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Nutrition for CrossFit & Functional Fitness Competitions: How to Coach Your Clients

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Are you nervous about coaching your nutrition client through a CrossFit or functional fitness competition? You’re not alone.

As a coach, you want your clients to succeed and feel great as they take on each event. And, because they’re relying on you to guide them it can feel like a lot of pressure (we get it)! That’s why we’re here with some tips to boost your confidence.

Imagine this...

It’s competition day. Your athlete had a restless night’s sleep. Nerves are high. They cannot decide which pair of leggings or socks to wear. They aren’t sure whether to send it on that Thruster chipper or leave some in the tank. Should they have oatmeal and protein powder for breakfast or an egg white quiche and some fruit?

It is your job to ensure your athletes are nutritionally prepared to give their best. While you may not be able to calm their nerves, induce restful sleep, or pick out their clothes, you CAN set the foundation for excellent performance through nutrition.

As with any nutrition plan, the approach needs to be nuanced and individualized for optimal results. Your plan needs to be based on the individual relative to their goals and the style of competition.

Before a CrossFit or functional fitness competition, we suggest having an open, candid conversation with your client to make sure you’re both on the same page about their goals.

  • Are they looking to perform at their very best? This may require them to let go of weight loss goals for a period of time to ensure they’re properly fueled for training leading up the competition and for the competition itself.
  • Are they looking to have fun while continuing to prioritize leaning out? If so, they may not be top of the podium, but they can still push hard, enjoy the experience and do their best.
  • Is the competition a multi-day, multi-workout in the style of the CrossFit games or is it an online qualifier featuring one workout per day for five days? This will influence when and if you increase macros for competition days.

All of these factors influence the nutrition you will prescribe for a client. So, let’s break down specific tips for coaching athletes through a CrossFit/functional fitness competition based on athlete type: recreational and competitive.

Nutrition for Recreational Athletes During Competition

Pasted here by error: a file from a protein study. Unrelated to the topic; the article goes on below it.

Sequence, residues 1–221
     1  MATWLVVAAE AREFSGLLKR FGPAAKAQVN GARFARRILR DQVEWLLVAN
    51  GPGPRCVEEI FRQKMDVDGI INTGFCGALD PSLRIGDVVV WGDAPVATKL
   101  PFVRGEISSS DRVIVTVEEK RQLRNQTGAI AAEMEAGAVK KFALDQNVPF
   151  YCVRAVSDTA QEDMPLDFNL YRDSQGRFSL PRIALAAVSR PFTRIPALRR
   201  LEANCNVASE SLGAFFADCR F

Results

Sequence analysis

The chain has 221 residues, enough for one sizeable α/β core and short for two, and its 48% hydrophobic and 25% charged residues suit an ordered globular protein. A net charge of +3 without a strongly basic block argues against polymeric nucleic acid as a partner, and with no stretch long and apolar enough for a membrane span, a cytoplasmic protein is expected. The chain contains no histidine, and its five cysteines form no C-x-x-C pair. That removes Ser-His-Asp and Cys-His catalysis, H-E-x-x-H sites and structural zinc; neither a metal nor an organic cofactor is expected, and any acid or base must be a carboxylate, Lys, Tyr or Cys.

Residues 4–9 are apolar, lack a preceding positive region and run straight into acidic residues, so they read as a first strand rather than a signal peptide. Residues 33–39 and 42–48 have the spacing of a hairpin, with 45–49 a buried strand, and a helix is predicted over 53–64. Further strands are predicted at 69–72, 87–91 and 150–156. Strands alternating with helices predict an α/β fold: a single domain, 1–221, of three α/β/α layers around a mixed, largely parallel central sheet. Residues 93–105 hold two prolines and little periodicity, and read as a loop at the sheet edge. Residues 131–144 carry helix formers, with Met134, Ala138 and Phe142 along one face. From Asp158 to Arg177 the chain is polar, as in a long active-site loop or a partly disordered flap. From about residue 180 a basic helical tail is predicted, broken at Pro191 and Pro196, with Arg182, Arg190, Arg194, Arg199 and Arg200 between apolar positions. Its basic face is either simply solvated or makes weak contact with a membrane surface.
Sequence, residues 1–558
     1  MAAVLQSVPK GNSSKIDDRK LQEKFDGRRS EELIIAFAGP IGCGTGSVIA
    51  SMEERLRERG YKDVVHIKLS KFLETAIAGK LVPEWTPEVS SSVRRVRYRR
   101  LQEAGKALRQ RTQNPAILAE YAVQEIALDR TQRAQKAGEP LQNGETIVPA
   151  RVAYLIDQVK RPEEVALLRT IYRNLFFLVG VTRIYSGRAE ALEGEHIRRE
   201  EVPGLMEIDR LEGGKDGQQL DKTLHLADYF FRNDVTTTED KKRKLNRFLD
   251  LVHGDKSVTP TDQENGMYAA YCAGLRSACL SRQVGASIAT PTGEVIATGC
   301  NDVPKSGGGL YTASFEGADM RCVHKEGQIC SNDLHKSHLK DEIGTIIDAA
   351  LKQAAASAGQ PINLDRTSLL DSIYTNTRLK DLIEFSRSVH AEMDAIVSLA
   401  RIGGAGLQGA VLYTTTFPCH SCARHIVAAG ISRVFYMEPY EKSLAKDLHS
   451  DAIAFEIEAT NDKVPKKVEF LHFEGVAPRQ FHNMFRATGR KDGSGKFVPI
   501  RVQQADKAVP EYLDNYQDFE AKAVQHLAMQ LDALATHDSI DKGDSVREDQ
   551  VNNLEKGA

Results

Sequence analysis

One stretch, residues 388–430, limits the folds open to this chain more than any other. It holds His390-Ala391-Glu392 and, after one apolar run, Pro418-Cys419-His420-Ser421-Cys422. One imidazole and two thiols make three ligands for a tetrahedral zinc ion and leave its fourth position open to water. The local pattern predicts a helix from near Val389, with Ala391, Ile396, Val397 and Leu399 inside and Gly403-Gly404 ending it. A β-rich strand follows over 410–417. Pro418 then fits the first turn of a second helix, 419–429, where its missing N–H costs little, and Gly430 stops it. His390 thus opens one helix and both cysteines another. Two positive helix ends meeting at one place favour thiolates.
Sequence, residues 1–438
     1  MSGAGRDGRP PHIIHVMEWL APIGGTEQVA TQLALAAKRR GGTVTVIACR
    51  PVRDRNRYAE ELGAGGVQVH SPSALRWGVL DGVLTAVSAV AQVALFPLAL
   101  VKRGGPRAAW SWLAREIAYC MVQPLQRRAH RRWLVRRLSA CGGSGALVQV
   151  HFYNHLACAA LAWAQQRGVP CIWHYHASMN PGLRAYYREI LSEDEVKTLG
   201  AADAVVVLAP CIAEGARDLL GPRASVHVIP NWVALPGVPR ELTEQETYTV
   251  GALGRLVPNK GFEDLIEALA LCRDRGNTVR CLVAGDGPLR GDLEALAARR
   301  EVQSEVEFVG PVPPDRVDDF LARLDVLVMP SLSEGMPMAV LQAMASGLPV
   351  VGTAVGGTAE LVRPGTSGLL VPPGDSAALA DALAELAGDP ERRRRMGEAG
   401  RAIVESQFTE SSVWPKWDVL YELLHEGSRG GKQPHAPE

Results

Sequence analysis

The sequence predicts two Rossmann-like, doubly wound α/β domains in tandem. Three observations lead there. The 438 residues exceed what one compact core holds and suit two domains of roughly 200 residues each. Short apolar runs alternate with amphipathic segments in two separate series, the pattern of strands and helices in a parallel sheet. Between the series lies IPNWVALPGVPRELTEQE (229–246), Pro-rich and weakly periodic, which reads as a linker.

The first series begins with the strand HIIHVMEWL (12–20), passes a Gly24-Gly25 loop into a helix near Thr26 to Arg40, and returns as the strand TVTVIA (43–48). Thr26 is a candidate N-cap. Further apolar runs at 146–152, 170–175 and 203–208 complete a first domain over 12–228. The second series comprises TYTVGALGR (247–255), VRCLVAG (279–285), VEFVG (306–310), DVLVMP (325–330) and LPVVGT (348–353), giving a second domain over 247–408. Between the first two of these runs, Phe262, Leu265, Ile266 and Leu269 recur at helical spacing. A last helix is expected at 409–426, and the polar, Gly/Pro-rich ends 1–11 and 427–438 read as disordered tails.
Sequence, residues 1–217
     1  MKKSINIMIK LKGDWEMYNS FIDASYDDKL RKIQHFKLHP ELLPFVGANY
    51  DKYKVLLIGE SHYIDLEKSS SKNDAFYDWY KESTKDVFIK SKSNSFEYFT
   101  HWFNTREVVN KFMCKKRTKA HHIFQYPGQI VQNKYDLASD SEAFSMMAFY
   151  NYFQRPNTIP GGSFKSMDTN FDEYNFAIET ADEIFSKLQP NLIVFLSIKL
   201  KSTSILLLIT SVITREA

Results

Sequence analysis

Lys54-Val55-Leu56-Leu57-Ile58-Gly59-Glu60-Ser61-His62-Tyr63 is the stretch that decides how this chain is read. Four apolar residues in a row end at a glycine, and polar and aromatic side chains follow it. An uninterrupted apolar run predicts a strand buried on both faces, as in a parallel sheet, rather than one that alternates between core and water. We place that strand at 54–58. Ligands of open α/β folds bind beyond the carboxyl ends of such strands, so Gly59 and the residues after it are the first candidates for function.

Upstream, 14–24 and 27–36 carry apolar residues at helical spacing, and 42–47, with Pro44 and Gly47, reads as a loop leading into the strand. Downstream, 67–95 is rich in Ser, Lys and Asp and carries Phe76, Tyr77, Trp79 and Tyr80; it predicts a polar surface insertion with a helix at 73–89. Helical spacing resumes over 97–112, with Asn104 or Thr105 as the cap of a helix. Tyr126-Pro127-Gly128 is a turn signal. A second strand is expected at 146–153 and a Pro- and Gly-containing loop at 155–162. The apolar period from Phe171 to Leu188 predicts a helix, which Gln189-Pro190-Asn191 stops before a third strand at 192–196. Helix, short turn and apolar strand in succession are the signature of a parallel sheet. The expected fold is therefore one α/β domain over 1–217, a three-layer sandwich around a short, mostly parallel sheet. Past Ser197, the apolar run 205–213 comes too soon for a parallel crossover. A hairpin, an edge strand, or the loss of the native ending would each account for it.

Most of your athletes will fall into the category of a recreational competitor. They’re likely still interested in losing fat with body composition goals superseding competition goals. For this reason, we recommend keeping clients on the same nutrition plan leading up to the competition.

The tips below will help you mitigate these effects as much as possible. But, it is still important to make sure you’re on the same page about expectations. Because losing body fat requires your client to be in a caloric deficit, they may still be able to perform well but will likely fatigue faster and recover more slowly.

Note: If your client is new to competition and has just started dialing in their nutrition, they may still feel great and crush it compared to past competitions. This experience will be different for everyone!

Nutrition for single-workout competitions (ex: The CrossFit Open)

You don’t have to prescribe more carbohydrates leading up to game-day if your client’s main goal is still optimizing body composition over crushing their competitors. Stick to the plan you’ve been working with and hone in on basic nutrient-timing principles to maximize efficiency like [1,2]...

  • Focus 70% of their total daily carbohydrates within the window of two hours before the competition and two hours after the competition. For a single-competition workout like The Open, this will be enough for most individuals.
  • For leaner competitors (less than 15% for men and 25% for women), opt to have them consume a protein/carb shake as they warm-up. 15 grams of protein and 30-40 grams of carbs. This could look like protein powder with coconut water and a banana.

Nutrition for multiple-workout competitions (ex: local comps with 2+ workouts in one day)

Things become more complicated when a client is fueling for a Crossfit or functional fitness competition that features multiple workouts in a day. As a coach, the first thing you need to know is how many workouts your client is doing.

For each additional workout, increase their total daily carbohydrates by 30-40 grams. This gives them enough wiggle room to add a protein/carb shake or snack before each additional workout [2].

Why a shake? It can be effective for two reasons [3].

  1. It’s convenient! A client can throw bananas, protein powder, and a thermos full of ice-cold coconut water into their gym back and they’re good to go. No cooler needed! Because they’re only doing one workout, it won’t be an all-day event.
  2. Quick digestion. Their body will use that fuel effectively for their workout ASAP after drinking. Plus, the last thing you want to do is overload their gut with a complex meal to digest.

Need a few other tips to share?

  • Encourage them to stick to foods they’re comfortable with and have eaten around training before. This ensures that they’ll be able to digest it efficiently.
  • This is not the time for a client to try a new supplement or meal “just to see if it works”.
  • Ensure they have another quick-digesting snack or shake to eat/drink ASAP after each competition to kick-start their recovery. This is especially important if they’re competing in more than one event.